It’s the politics, stupid.

You won’t see much about it in most of the Tory press, but rarely has the visit of an American economist changed the terms of political debate as much as that of the Nobel Prize for Economics winner Paul Krugman last week (in the UK to promote his new book, ‘End This Depression Now!’).

His appearance on Newsnight, when he exposed the economic stupidity and political crassness of two Tory opponents, has become the talk of the town and a mild antidote to Jubilee fever.

His basic arguments, and the authority with which he delivers them, should fill progressives with hope and confidence – because their gut instincts are right.  So what’s his case?

First, he points out that society is not like a household, despite the attraction of the metaphor.  When a household incurs too much debt, indeed it has to cut back on its spending.  But when society as a whole incurs too much debt, private and public, cutting back on spending makes things worse not better, because we owe the money to each other: your spending is my income and my spending is your income.  If we both cut spending at the same time, we both lose income and, crucially, neither of us cuts our debt.  Even if you have a large public deficit problem – and ours was caused by the cost of bailing out the banks and no other reason – slashing state spending at the same time as the private sector is cutting back simply increases the risk of depression.

Secondly, the reason the government here is slashing public investment, despite the fact that it can borrow at historically low interest rates, is nothing to do with economics and everything to do with politics.  Krugman notes that when ‘austerians’ are pushed, they always revert to saying ‘we have to shrink the size of the state’.  He points out he’d rather weather the storm as big state Sweden than low tax Ireland.  Ultimately, the Tories in Britain are following the lead of the Republicans in America: using deficit panic as an excuse to dismantle social programs and cut taxes for the rich.  There is insufficient demand and there are huge unemployed resources – labour and capital – and they must be put to work by whichever is willing: the state and/or the private sector.

Investing in housing is one of the more obvious ways of doing this, as we have argued here many times before.  But the excitement, at least amongst the progressive chattering classes, caused by Krugman’s version of economics made simple, should embolden the Labour front bench.  As the Tories falter politically, more room is being created for progressive arguments.  And, as Krugman says, borrowing from Keynes, the time for austerity is during the next boom not during the current slump.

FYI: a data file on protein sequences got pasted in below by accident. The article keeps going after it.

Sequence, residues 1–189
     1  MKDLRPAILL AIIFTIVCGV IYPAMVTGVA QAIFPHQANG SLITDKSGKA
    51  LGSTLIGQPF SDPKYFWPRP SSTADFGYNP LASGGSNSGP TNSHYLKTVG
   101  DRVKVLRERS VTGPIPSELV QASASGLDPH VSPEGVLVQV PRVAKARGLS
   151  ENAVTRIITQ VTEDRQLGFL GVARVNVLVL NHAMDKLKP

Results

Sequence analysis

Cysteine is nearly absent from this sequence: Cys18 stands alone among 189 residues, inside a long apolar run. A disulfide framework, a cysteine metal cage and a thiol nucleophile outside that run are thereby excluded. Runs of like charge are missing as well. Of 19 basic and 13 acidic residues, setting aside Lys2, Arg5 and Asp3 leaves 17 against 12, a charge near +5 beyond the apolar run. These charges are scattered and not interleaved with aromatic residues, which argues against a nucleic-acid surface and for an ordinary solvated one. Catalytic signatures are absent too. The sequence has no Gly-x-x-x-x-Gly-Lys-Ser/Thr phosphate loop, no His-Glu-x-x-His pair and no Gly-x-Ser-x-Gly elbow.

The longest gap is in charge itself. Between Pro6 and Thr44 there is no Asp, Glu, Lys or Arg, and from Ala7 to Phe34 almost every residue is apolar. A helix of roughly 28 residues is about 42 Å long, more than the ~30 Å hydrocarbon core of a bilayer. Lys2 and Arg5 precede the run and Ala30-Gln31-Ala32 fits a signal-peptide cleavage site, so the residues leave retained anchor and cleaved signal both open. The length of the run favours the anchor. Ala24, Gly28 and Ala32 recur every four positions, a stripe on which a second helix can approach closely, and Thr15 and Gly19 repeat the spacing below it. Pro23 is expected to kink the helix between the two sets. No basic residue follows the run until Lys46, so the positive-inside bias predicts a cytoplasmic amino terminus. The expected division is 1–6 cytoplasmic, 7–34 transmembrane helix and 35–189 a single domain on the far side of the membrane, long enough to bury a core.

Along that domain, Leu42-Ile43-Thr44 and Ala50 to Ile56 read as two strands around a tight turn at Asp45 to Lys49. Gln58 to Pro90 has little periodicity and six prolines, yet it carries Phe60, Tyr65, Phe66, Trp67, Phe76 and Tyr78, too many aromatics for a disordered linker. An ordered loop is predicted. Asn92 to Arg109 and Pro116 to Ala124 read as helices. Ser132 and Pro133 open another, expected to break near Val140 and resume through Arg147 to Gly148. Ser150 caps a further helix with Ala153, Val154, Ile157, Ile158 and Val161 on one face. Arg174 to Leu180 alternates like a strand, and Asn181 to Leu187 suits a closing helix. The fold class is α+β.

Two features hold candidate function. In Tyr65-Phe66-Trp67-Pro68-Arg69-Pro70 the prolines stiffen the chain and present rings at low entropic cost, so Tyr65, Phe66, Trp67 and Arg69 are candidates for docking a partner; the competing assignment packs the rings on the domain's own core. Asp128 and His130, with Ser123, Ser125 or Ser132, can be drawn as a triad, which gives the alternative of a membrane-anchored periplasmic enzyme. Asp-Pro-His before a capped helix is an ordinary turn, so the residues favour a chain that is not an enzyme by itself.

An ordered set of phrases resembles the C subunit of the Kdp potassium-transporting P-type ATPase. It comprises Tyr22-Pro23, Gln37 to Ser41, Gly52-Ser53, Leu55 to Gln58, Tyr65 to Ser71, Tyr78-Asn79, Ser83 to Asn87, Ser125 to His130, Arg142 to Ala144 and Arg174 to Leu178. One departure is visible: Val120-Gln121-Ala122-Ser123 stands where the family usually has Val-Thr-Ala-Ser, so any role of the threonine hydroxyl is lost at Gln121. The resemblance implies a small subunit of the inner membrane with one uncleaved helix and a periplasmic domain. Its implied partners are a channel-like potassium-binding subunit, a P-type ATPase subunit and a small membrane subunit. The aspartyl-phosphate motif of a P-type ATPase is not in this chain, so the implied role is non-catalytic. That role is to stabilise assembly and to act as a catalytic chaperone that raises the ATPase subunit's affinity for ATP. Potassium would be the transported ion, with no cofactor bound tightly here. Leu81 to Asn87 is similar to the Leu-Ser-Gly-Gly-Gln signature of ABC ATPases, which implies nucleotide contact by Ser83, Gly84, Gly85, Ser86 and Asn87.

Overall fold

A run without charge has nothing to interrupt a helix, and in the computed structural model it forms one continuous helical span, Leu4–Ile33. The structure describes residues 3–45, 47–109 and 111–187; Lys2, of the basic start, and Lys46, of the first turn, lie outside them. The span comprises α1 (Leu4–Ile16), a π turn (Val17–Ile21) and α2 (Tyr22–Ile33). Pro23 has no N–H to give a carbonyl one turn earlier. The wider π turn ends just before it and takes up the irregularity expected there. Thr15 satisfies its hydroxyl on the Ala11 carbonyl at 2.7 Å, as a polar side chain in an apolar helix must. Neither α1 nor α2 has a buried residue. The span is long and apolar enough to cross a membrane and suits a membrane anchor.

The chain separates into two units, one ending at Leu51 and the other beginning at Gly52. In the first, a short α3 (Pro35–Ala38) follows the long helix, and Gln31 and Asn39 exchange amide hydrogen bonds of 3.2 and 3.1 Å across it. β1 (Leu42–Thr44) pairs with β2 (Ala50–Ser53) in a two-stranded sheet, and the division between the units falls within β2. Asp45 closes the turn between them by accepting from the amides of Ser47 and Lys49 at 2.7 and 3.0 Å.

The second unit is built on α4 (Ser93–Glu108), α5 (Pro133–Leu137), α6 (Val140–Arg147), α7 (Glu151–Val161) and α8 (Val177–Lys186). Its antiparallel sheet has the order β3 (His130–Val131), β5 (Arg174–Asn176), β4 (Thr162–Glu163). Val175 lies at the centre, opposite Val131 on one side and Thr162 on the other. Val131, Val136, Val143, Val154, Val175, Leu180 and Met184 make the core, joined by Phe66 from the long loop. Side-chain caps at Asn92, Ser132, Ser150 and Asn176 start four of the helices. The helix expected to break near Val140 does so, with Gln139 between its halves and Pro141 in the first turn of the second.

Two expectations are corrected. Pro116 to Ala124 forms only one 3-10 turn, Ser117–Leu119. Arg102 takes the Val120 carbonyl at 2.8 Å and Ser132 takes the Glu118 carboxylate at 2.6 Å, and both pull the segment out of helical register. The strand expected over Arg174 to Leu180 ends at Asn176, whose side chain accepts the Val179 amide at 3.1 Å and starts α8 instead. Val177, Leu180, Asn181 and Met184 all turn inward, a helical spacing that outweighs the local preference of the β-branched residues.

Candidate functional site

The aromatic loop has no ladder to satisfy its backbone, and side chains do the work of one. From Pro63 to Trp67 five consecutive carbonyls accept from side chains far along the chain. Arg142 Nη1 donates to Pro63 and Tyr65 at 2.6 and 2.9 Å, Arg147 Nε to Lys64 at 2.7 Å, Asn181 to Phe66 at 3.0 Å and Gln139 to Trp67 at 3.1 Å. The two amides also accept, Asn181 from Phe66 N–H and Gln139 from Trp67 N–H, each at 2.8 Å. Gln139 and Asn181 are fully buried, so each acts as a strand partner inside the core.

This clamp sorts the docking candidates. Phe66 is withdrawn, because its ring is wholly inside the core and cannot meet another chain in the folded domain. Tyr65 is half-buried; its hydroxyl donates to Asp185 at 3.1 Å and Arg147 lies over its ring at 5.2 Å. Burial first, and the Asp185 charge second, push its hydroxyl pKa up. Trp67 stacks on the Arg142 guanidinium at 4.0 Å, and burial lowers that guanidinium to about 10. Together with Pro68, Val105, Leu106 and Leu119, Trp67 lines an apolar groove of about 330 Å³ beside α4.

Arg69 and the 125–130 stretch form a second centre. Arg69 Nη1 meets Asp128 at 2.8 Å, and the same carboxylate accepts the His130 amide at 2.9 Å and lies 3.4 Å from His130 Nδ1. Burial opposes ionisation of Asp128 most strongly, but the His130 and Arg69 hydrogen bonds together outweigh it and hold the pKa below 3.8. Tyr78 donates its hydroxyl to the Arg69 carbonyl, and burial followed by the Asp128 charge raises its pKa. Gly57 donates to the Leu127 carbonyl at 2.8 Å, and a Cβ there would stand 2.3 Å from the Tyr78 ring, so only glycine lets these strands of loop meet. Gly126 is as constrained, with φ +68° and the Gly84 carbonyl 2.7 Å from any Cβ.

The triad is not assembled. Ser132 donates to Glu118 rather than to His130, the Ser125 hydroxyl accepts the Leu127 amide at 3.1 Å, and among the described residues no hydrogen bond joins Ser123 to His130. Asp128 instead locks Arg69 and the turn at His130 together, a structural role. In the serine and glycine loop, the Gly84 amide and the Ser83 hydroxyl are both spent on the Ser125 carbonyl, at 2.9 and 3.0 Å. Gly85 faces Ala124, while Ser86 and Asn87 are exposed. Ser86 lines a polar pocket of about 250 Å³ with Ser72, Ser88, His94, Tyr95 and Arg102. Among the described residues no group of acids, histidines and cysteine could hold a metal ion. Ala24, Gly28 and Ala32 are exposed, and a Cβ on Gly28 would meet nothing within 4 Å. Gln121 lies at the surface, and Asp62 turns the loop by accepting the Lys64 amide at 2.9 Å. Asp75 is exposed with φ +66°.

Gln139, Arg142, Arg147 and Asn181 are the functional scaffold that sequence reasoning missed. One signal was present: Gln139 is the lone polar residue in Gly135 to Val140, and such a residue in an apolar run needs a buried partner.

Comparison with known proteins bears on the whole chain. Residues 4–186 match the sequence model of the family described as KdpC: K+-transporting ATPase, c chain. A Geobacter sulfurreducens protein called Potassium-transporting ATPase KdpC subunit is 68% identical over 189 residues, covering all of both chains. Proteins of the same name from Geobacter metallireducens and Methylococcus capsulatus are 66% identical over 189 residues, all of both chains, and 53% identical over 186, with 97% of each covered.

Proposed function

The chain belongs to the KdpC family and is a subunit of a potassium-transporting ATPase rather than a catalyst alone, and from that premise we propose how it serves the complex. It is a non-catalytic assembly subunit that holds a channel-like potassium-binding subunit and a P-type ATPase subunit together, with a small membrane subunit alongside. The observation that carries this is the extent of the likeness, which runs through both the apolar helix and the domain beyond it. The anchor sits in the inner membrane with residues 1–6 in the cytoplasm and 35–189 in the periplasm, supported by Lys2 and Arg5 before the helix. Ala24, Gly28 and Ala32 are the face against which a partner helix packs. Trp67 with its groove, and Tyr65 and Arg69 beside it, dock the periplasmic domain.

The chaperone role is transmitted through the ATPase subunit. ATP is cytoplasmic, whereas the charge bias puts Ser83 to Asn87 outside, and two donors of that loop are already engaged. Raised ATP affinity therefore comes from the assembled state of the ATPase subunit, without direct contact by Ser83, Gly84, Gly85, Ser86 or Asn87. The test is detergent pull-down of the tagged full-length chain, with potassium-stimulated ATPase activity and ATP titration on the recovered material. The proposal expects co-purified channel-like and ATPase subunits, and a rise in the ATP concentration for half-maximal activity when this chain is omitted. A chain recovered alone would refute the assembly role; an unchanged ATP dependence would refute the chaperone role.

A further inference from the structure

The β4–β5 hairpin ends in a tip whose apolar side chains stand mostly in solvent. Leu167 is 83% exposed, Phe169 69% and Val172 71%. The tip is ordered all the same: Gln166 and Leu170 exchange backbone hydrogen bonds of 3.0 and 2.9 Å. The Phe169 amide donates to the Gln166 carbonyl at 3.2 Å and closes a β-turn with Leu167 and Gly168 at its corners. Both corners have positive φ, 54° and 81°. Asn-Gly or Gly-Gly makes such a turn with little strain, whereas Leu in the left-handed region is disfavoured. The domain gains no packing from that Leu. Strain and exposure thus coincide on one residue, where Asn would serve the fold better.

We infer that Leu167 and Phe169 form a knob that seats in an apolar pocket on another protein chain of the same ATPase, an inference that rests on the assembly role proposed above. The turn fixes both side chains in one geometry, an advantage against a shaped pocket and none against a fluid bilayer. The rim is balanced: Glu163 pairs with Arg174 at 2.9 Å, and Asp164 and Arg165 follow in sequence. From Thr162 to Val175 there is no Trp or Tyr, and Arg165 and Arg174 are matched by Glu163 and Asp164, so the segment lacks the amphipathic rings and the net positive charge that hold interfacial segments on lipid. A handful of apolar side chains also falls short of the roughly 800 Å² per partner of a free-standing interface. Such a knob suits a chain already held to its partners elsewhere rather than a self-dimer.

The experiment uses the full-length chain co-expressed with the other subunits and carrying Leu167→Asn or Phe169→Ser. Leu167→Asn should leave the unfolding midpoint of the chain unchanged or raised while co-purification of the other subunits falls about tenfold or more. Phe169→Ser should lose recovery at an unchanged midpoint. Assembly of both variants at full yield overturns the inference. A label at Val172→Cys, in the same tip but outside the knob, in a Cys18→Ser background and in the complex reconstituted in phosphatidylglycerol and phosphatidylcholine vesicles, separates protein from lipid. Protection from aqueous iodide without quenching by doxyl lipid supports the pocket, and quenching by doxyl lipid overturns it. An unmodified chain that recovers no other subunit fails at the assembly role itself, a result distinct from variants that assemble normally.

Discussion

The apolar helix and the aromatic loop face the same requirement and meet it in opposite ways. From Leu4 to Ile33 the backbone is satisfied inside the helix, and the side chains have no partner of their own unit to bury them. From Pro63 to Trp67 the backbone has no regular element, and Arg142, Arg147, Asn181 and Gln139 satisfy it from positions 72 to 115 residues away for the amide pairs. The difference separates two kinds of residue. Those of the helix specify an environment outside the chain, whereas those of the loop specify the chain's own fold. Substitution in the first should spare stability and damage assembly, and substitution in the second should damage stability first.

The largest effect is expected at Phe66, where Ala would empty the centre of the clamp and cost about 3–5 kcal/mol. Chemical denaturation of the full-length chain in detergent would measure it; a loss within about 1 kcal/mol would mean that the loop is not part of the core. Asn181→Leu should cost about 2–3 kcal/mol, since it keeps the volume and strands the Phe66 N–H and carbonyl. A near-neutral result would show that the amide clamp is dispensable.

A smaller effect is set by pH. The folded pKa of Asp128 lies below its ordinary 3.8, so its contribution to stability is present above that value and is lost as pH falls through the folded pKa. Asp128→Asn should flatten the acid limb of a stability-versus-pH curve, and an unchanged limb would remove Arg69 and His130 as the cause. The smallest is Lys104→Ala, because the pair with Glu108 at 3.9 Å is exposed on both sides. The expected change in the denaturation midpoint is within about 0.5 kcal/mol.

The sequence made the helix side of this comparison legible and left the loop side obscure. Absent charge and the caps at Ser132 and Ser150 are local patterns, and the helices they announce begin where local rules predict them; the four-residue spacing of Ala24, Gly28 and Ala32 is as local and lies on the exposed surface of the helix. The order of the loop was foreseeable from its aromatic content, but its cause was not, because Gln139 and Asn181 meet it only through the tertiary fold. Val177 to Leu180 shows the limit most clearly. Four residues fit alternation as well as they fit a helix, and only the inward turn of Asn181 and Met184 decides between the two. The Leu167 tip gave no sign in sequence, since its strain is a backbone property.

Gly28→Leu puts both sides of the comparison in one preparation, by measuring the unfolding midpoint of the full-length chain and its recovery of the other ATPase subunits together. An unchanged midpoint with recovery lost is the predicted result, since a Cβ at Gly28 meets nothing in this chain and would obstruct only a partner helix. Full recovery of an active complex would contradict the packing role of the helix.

You can find a list of Paul Krugman’s writing for the New York Times here.

And an excellent Guardian piece about him by Decca Aitkenhead here.

This entry was posted in Uncategorized. Bookmark the permalink.

2 Responses to It’s the politics, stupid.

  1. Monimbo says:

    A very relevant post and in our context Krugman would almost certainly support state-led housing investment. He is also excellent on other issues such as the stupidity of the US arguments for lower taxes for the very rich and for even less regulation of the banks, and the economic craziness of doing nothing to combat climate change. In fact Krugman is exactly the sort of economist we need Ed Miliband to be listening too – and always, as he made clear on Newsnight, he’s very aware of the evidence base for whatever views he is espousing.

    • Stephen Hunt says:

      While I sort of agree with everything that was in the article I am uneasy about political parties jumping on the band wagon as so to speak like the Labour party has with this article because it was Labour over the last thirteen years that has attacked council house building and sold them off to so called not for profit companies of which the poorest people who need these houses have seem their rents increase substantially so yes spend and invest in housing but who in the Uk government will do that, I am a member of the defend council housing group and consequtive governments have attacked and are continuing to sell off our homes needed for the poorest of society.

Leave a Reply

Fill in your details below or click an icon to log in: Logo

You are commenting using your account. Log Out / Change )

Twitter picture

You are commenting using your Twitter account. Log Out / Change )

Facebook photo

You are commenting using your Facebook account. Log Out / Change )

Google+ photo

You are commenting using your Google+ account. Log Out / Change )

Connecting to %s